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‘What is this, anyway?”

The teen was standing tree-side, an ornament dangling from her pointer.

“It is a purple fish covered in glitter,” I said.

“Yes, but why do we have it?” she pressed.

I opened my mouth and then closed it again, much like the purple glitter fish with red pursed lips, mascara lashes and pearl earrings would do, I imagine, if asked how it came to hang on our Christmas tree.

“No idea,” I said.

“Who gave it to us?”

“Again, no idea,” I said, wishing she’d just enjoy the holiday magic and hang the stupid thing.

We had to get a bigger tree last year. Our old one couldn’t fit all the trimmings, something that happens when you have children busting out homemade baubles like the fate of the world rests in their gluey fists.

And while reliving the memories associated with each ornament, both the homemade and, in the case of the fish, store-bought, is what makes the whole operation special, it becomes rather less so when you have no idea how it got there or why.

As is the case with our Blitzen reindeer dressed like a stripper. Yeah, we seem to have managed to get both sexy fish and sexy reindeer on our Christmas tree. All we need is Mrs. Claus in stilettos and we will have a curious trifecta.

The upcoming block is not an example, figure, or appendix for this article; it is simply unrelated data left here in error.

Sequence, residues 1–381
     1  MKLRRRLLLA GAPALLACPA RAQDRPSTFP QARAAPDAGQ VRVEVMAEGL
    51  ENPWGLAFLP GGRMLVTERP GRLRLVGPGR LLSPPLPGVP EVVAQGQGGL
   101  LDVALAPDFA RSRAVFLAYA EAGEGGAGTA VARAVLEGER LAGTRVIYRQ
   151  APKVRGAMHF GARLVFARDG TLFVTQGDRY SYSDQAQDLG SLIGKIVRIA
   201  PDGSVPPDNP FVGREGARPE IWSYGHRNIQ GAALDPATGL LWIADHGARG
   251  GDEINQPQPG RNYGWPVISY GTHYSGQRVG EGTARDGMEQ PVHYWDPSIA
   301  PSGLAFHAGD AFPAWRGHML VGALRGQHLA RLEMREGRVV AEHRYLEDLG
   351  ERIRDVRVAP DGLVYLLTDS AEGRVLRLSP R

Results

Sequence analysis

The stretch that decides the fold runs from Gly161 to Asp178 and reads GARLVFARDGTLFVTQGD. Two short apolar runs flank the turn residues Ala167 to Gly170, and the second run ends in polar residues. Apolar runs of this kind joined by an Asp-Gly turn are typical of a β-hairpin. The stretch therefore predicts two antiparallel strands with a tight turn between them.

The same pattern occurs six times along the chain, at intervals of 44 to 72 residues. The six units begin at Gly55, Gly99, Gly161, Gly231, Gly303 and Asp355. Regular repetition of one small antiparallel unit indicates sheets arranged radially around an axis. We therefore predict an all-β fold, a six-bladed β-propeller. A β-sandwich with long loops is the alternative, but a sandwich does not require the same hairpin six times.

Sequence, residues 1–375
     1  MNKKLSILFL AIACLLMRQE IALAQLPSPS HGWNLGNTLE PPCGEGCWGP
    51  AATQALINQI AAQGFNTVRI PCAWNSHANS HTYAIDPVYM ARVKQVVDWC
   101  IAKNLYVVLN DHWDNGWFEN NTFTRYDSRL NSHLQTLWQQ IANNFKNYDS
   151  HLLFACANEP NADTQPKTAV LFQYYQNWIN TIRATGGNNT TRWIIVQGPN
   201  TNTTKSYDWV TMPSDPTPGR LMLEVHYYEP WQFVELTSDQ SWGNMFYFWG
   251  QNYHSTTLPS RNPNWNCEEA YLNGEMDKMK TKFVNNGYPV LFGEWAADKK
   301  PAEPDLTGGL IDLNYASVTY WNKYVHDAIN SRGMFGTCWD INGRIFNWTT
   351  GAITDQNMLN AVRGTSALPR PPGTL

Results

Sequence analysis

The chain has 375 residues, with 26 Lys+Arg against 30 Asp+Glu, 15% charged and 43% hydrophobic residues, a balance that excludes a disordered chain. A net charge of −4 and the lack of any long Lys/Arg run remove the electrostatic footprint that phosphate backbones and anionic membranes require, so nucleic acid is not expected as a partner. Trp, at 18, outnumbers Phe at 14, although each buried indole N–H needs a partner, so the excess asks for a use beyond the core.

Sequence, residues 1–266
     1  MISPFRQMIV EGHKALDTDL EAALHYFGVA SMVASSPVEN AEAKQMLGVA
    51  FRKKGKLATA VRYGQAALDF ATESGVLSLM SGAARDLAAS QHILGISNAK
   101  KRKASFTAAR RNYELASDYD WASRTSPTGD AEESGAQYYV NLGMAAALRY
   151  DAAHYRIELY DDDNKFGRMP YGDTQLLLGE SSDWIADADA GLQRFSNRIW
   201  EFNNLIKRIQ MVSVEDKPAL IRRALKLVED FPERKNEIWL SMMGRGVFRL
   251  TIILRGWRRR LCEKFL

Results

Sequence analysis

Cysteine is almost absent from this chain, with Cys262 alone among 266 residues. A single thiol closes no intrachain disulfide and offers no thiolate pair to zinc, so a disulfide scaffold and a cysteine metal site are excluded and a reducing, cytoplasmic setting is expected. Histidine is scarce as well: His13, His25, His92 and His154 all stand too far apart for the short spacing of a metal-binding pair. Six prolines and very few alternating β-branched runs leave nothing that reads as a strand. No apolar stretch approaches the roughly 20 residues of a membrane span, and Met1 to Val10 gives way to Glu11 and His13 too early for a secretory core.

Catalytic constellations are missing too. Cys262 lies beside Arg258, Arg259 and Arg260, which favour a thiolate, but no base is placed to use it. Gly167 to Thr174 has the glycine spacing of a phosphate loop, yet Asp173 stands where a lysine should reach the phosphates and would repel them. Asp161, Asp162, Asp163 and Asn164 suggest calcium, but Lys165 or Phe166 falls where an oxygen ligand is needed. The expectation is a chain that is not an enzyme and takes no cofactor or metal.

“What about this one?” asked my daughter, pointing to a bundle of pipe cleaners in the shape of … well, nothing.

“That is something your brother made, I think.”

Or it could just be something leftover from a craft project that got shoved among the boughs because my Christmas angels were too lazy to clean it up. This would explain the socks I found in the tree.

“And what about this weird seashell,” she asked.

“Whoa, whoa!” I snapped. “That is the seashell I made in kindergarten. I can’t believe you didn’t know that.”

I went on to explain that I took the ornament from my own childhood tree when I moved out, just as she will one day wish to pilfer the tree she was currently scrutinizing.

It is the Circle of Life, Christmas version.

Yup, I like to think years from now there will be a purple fish with pursed red lips, mascara lashes and pearl earrings hanging on her tree.

People will know it is a special fish, and to her it will be, because it hung on her childhood tree, even if none of us can recall why.

That is the beauty of tradition.

As well as the beauty of being the oldest. You get first dibs.

Because while a reindeer in fishnets can still be special too, it is a lot harder to explain to guests. But that will be her younger brother’s problem, not hers.


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